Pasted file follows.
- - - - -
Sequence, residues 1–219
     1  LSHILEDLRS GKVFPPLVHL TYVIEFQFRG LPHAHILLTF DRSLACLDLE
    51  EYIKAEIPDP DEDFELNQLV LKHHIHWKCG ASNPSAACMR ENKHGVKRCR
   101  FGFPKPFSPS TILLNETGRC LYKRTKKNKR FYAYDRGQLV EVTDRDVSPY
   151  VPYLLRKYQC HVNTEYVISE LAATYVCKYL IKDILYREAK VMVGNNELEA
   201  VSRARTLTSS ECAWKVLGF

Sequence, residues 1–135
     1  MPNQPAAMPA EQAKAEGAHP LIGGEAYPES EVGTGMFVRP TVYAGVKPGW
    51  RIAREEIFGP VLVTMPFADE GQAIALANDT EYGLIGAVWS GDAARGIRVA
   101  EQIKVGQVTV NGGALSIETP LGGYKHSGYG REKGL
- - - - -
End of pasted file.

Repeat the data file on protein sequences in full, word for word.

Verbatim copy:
Sequence, residues 1–219
     1  LSHILEDLRS GKVFPPLVHL TYVIEFQFRG LPHAHILLTF DRSLACLDLE
    51  EYIKAEIPDP DEDFELNQLV LKHHIHWKCG ASNPSAACMR ENKHGVKRCR
   101  FGFPKPFSPS TILLNETGRC LYKRTKKNKR FYAYDRGQLV EVTDRDVSPY
   151  VPYLLRKYQC HVNTEYVISE LAATYVCKYL IKDILYREAK VMVGNNELEA
   201  VSRARTLTSS ECAWKVLGF

Sequence, residues 1–135
     1  MPNQPAAMPA EQAKAEGAHP LIGGEAYPES EVGTGMFVRP TVYAGVKPGW
    51  RIAREEIFGP VLVTMPFADE GQAIALANDT EYGLIGAVWS GDAARGIRVA
   101  EQIKVGQVTV NGGALSIETP LGGYKHSGYG REKGL